A word to the wise: be extremely cautious when assessing the demeanor of the faculty interviewing you on campus. For we, too, have our own patterns of desperation, our own forms of solace. I shall tell you a hard truth about many searches: we, the searching faculty, will try to make it with each and every one of you. We will romance you fast and hard: we’ll show you a good time, buy you some nice dinners, ply you with heady compliments, and try our best to make you feel powerful and fascinating. We want you to feel like we’re a perfect match. Before long, we’ll be suggesting neighborhoods and school districts, and encourage you to begin planning our blissful future together forever. If we’re very good, we’ll sometimes even seduce you into believing that you’re the only one for us — that we’re longing for you, that we want you so bad.
Yes, we want you to feel like a brilliant, shining star: special, chosen, loved. Just like we want the other two candidates who visit campus to feel the exact same way. In fact, we’re courting you all with the very same displays of admiration and desire… but we’re only going to commit to one of you. As for the others? we’ll drop them flat.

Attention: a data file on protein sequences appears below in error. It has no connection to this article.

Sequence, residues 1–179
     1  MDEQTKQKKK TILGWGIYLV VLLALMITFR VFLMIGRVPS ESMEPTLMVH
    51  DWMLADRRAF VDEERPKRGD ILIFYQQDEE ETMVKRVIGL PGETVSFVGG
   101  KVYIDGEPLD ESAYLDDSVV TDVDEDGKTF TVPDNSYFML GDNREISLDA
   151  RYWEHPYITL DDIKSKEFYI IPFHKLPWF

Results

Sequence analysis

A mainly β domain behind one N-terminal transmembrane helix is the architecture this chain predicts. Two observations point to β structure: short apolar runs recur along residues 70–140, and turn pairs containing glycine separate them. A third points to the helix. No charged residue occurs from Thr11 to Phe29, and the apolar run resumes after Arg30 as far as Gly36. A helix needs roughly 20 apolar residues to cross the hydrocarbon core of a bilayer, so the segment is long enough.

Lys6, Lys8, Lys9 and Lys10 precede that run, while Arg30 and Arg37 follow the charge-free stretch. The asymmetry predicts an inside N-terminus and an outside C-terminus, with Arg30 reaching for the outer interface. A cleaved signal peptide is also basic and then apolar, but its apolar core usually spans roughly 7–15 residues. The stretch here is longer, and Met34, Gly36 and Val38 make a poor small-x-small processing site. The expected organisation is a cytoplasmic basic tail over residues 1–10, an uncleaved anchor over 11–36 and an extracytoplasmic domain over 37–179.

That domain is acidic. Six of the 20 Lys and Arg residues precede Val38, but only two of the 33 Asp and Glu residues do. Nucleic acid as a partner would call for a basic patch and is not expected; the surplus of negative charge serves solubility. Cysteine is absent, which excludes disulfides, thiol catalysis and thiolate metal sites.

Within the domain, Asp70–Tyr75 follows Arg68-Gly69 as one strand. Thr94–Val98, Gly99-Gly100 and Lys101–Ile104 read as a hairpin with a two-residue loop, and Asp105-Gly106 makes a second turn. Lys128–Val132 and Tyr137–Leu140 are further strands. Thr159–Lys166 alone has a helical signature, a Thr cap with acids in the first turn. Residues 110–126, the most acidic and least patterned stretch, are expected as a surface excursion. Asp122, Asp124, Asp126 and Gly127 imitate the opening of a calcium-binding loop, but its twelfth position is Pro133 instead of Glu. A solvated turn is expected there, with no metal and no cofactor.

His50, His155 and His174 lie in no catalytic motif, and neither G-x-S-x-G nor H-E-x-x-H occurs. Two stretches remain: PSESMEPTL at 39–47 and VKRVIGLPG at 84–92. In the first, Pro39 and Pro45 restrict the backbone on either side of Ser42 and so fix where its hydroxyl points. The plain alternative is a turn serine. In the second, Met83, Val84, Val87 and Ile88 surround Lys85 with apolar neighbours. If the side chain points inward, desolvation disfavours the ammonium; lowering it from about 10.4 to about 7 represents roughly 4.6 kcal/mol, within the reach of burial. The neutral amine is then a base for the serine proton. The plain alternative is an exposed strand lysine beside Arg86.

Do you know why we do this? Because when we make a final decision about who gets the call the month after, we want you to squeal with delight and cry: oh, yes! yes! yes! If you have other suitors, we want to make sure you choose us — if and when we are ready to choose you. And if, for some reason, our first offer turns us down, we want the next person to say yes, and to feel just as special and loved. We manipulate your need and your vulnerability to our own advantage. But, you already knew we were cruel.
Be cautiously optimistic, but remember, also, that you might just be a notch on the headboard.